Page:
There used to be a time when bins were designed for total volume and placed in any available place of the plant. Poke holes were provided and feed was maintained by manual prodding, lancing, hammering, and by various mechanical flow-promoting devices. Little thought was given to what occurred inside the bins and why materials did not flow. Indeed, such mental effort was hard to justify while low-cost manual labor was plentiful, quality standards low, and rates of feed moderate.
Typical Storage and Flow Problems
In order to design an efficient storage plant or contact-bed reactor it is necessary to be aware of the problems which can arise in flow and storage. The typical problems are:
No flow: a stable arch (dome) or rathole develops within the solid and flow ceases.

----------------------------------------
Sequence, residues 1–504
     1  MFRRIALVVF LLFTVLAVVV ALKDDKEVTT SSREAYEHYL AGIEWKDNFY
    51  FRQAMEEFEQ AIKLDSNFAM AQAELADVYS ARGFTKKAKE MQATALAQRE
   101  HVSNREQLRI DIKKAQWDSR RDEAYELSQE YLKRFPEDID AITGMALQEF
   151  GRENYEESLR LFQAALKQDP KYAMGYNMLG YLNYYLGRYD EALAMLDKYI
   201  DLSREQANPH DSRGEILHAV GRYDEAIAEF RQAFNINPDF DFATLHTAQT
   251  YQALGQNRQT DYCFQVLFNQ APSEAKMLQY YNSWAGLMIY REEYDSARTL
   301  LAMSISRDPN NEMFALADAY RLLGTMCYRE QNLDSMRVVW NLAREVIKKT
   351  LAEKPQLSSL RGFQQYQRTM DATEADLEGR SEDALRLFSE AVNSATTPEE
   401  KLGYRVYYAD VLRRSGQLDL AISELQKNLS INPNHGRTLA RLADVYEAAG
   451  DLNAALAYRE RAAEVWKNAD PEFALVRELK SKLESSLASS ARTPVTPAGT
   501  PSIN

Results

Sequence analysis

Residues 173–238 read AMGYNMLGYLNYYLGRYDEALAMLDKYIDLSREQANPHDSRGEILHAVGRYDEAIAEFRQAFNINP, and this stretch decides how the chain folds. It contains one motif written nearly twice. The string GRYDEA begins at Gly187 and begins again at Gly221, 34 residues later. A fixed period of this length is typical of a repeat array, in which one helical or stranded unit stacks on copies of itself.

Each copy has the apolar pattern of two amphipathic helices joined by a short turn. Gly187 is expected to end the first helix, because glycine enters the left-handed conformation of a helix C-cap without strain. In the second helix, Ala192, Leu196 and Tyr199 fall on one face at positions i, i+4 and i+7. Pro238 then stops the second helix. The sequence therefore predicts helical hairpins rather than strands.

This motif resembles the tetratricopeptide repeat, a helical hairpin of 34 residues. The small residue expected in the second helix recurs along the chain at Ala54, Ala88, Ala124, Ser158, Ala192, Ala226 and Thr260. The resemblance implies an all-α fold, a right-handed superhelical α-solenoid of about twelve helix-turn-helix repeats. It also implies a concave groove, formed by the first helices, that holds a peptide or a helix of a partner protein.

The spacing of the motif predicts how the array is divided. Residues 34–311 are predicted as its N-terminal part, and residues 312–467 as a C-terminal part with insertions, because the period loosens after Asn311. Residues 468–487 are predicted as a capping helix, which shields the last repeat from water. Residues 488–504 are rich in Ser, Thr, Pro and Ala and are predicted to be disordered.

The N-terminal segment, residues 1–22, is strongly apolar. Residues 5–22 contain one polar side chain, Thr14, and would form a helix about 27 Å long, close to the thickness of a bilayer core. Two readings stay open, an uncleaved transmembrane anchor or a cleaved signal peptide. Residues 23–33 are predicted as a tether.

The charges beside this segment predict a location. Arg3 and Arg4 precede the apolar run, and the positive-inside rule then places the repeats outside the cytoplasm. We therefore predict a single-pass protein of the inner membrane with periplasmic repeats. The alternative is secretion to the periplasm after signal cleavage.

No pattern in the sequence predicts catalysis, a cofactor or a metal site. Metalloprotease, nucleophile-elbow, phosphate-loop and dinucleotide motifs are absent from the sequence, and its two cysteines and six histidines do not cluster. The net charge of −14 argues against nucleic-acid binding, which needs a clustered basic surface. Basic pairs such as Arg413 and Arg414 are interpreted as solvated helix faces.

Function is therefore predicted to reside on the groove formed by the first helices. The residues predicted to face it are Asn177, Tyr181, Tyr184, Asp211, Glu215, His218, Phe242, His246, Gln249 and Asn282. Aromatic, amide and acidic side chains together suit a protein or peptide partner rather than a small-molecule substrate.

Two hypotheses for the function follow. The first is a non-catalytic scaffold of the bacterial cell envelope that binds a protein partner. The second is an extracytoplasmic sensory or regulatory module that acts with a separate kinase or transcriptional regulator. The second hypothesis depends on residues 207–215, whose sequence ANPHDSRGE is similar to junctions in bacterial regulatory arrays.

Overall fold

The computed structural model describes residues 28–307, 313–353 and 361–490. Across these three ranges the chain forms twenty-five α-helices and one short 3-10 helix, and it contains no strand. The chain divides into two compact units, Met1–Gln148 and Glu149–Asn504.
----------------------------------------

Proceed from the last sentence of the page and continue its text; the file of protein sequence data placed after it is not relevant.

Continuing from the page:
Erratic flow: momentary arches form within the solid; ratholes empty out partly or completely, then collapse. Density of the stream swings within wide limits.
Flashing: powders in erratic flow aerate, fluidize and flush. While air-locks can be used to prevent flushing they do not eliminate erratic flow.
Insufficient flow: the volumetric rate of gravity flow through an orifice depends on the stored solid. Coarse dry solids flow at a high rate, closely approaching the